Avoid a common I.T. problem: filming the movie without a script

So you are an experienced film producer, you have filmed dozens of shows before, you know all the mechanics and techniques needed. You then land a new project that will take nine months to film. What’s the first thing to do? Start filming, no time to waste! You get on set and the actors say “uh, what are my lines?”

Yes, information technology often films before scripts

Filming a movie without a script is ridiculous, but this is often how information technology projects roll out. Developers have experience in specific technologies and toolkits and see a project in terms of “how much time do we have” and that naturally leads to rolling their sleeves up and getting going. But as common as that is, it is also typical for development projects to take longer than planned, take more money than budgeted, require significant re-work, miss deadlines, and fail to deliver what the users need.

User requirements are not sufficient to solve the problem

The common way attempted to deal with this problem is to gather “user requirements.” Interviewing end-users to identify their list of needs so that the solution can handle them. This step is required of course, but is it sufficient? Not in my experience.

There is another disconnect to deal with: end-users are not developers and do not have the same foundation when thinking about technology projects. All too often the user’s needs are not matched well with the available tools and techniques. Even more important, end users also have a very significant hurdle when asked to imagine what the solution should look like. End users rarely know “exactly what they want.”

A better method is to “Road Map” the solution… before coding anything

Working on large scale information technology projects in the pharma industry for many years I faced this problem over and over. To deal with it I evolved a strategy of writing the script first, which I call the “Road Map.” The basic concept is to not only gather user requirements but then to mock-up the entire project — every screen, every field, every rule, every requirement — in a PowerPoint deck.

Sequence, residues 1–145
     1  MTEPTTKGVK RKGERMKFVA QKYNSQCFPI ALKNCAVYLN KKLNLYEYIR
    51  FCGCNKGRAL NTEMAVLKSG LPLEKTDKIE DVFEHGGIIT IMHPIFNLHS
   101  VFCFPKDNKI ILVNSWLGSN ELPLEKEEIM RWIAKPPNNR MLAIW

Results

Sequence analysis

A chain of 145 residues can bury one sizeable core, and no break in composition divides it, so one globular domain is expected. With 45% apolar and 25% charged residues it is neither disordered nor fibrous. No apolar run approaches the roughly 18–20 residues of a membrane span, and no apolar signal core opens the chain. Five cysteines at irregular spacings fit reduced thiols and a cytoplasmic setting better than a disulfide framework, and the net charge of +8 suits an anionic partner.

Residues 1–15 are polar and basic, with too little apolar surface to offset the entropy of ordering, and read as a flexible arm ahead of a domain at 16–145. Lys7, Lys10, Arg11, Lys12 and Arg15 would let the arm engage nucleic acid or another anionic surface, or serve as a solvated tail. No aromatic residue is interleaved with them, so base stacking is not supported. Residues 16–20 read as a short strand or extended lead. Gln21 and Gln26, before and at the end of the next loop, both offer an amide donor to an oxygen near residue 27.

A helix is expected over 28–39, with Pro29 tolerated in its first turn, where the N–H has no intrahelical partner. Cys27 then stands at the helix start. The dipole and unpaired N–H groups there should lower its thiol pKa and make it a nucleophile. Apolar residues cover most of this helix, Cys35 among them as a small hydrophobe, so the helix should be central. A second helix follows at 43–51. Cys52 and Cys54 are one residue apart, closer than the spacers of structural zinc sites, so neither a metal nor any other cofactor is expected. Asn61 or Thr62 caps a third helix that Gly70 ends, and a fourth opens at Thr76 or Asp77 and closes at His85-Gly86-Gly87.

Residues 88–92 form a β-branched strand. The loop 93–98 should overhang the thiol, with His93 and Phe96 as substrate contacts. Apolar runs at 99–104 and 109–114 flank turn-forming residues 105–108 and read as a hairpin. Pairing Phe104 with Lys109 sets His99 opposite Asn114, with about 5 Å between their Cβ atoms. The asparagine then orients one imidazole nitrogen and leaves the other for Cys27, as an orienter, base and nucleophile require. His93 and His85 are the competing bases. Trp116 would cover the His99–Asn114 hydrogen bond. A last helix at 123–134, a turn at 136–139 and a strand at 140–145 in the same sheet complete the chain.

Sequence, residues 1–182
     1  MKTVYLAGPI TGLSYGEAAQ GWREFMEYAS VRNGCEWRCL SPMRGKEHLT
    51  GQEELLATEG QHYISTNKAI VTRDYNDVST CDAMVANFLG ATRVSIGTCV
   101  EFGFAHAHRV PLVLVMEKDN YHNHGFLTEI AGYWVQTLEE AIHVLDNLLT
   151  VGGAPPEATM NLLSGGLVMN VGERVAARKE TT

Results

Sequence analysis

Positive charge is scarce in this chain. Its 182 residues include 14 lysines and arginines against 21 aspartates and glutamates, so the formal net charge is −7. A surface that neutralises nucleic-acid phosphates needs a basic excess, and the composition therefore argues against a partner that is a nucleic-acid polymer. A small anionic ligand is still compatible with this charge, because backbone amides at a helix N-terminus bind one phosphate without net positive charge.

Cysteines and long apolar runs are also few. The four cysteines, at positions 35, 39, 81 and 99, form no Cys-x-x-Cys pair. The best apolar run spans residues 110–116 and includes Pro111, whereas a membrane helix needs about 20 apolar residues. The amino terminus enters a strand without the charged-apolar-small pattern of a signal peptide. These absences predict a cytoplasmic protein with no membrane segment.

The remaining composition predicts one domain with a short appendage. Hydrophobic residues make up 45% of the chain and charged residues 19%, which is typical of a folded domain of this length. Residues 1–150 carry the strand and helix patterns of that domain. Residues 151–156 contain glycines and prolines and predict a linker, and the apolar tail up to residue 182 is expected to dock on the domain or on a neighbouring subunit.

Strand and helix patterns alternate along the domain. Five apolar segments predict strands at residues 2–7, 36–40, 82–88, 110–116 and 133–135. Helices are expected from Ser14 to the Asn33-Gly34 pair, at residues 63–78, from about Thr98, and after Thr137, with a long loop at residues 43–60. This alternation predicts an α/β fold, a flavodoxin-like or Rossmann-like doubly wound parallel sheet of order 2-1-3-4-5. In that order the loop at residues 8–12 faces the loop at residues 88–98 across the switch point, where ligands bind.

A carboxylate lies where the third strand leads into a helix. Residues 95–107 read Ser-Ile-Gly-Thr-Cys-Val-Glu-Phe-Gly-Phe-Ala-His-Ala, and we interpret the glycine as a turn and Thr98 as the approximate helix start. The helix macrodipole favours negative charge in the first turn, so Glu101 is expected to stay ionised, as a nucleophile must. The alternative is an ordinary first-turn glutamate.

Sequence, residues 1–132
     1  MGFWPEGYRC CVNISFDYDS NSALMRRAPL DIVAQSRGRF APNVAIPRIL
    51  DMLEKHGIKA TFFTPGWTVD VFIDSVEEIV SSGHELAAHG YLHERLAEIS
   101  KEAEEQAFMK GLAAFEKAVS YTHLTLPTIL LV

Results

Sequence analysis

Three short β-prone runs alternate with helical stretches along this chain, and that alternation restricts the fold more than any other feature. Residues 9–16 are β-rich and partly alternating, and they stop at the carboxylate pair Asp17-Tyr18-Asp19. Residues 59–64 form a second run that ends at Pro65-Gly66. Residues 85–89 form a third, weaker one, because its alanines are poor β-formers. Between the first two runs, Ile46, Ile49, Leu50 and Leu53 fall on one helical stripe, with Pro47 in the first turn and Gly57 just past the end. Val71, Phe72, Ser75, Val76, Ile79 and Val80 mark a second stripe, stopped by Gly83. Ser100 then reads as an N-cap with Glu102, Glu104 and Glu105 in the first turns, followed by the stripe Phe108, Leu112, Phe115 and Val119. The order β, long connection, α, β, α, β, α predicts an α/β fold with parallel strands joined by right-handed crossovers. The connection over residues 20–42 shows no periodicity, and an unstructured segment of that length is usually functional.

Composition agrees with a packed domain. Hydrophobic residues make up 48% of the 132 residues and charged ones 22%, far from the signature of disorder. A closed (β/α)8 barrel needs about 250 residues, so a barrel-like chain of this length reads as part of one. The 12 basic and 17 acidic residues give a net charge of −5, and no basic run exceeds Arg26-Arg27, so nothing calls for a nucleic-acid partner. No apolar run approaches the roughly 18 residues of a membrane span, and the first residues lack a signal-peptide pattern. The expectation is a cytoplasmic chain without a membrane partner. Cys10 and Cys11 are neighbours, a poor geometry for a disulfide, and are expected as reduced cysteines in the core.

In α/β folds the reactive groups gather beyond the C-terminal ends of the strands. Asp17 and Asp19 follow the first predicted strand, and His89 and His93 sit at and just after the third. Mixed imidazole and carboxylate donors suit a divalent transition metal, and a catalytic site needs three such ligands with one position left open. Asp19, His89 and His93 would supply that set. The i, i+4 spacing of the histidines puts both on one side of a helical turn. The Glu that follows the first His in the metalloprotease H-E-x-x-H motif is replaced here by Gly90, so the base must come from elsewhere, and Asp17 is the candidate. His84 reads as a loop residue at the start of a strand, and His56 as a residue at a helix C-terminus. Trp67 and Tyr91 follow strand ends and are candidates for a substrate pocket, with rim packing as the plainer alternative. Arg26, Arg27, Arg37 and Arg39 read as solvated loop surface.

The road map’s mock-up of every screen allows end users to visually grapple with the project and give essential input to shape the project before coding.

The road map I try to deliver is not overly technical, the primary audience is the end-user, not the development team. But when it is complete it is the script for the film we are to make. Developers can then deliver exactly what is depicted in the road map and upon roll out the end-users get exactly what they expect. In addition, time and budget expectations are far more accurate if a road map is done first.

So to accomplish the road map you have to commit to a longer-than-normal process of requirements gathering. It is not uncommon for a road map to take several months to build. This is one of the largest hurdles for people new to the process to accept as it feels like “real progress” is not happening since things are not being coded. But Abe said it best:

“Give me six hours to chop down a tree and I will spend the first four sharpening the axe.”

Abraham Lincoln

Solving the multi-year, seventeen-attempts-that-failed dilemma

In an excellent example of a road map success, I once was asked to solve a problem for a large pharmaceutical company. They wanted to track new operating system and software releases and what applications could be impacted and required testing, on a global scale for 15,000 users with complex and varied system configurations. They had attempted this no less than seventeen different times with solutions ranging from local attempts to high-end consulting firms and still had no working system for the next major rollout.

In the course of a few months, my team developed a road map, and we were able to execute on that script and deliver a robust custom solution that solved the problem and led to global implementation. Well-received the application went through many enhancements using a similar road map process to keep all the numerous stakeholders informed and satisfied with each feature rollout.

Give it a go on your next project: write your script before you start filming!